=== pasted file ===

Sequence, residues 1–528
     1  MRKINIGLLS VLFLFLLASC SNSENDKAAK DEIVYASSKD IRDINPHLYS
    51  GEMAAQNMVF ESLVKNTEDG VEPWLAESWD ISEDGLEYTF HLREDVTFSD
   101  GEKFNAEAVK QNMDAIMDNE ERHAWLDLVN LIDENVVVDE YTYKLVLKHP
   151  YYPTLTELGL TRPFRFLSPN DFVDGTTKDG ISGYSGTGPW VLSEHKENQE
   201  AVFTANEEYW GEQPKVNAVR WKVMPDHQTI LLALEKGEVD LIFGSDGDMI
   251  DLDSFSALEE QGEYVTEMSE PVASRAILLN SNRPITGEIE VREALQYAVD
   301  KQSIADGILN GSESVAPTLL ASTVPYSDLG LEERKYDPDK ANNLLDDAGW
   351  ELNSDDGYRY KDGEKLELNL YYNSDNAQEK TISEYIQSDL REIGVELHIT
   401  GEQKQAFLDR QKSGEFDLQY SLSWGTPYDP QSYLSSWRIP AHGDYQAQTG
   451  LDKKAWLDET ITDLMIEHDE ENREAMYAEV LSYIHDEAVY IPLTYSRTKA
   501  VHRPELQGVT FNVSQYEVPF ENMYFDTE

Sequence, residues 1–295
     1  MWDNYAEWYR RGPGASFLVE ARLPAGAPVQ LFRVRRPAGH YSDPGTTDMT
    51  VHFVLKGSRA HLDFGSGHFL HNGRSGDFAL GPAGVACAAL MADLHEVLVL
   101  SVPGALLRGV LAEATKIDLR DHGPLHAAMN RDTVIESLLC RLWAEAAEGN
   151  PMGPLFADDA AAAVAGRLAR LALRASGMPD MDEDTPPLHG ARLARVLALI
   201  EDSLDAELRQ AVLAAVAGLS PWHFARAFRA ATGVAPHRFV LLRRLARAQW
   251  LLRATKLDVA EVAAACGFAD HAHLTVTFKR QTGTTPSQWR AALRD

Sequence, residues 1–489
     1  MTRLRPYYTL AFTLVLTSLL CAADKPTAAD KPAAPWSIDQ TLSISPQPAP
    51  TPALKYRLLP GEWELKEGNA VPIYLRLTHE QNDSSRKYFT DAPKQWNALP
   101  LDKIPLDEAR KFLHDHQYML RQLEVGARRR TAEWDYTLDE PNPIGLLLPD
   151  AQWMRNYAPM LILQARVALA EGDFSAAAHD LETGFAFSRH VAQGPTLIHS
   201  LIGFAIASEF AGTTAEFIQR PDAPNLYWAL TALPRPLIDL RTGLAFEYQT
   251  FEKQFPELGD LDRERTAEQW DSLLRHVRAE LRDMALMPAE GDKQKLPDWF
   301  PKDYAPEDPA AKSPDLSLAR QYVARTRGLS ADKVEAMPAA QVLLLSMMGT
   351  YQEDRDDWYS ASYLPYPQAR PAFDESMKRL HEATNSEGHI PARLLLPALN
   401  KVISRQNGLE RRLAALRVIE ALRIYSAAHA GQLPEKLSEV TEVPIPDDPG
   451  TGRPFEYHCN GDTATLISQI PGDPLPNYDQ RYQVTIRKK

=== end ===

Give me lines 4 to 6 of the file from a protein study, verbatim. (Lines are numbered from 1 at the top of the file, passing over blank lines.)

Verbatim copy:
   101  GEKFNAEAVK QNMDAIMDNE ERHAWLDLVN LIDENVVVDE YTYKLVLKHP
   151  YYPTLTELGL TRPFRFLSPN DFVDGTTKDG ISGYSGTGPW VLSEHKENQE
   201  AVFTANEEYW GEQPKVNAVR WKVMPDHQTI LLALEKGEVD LIFGSDGDMI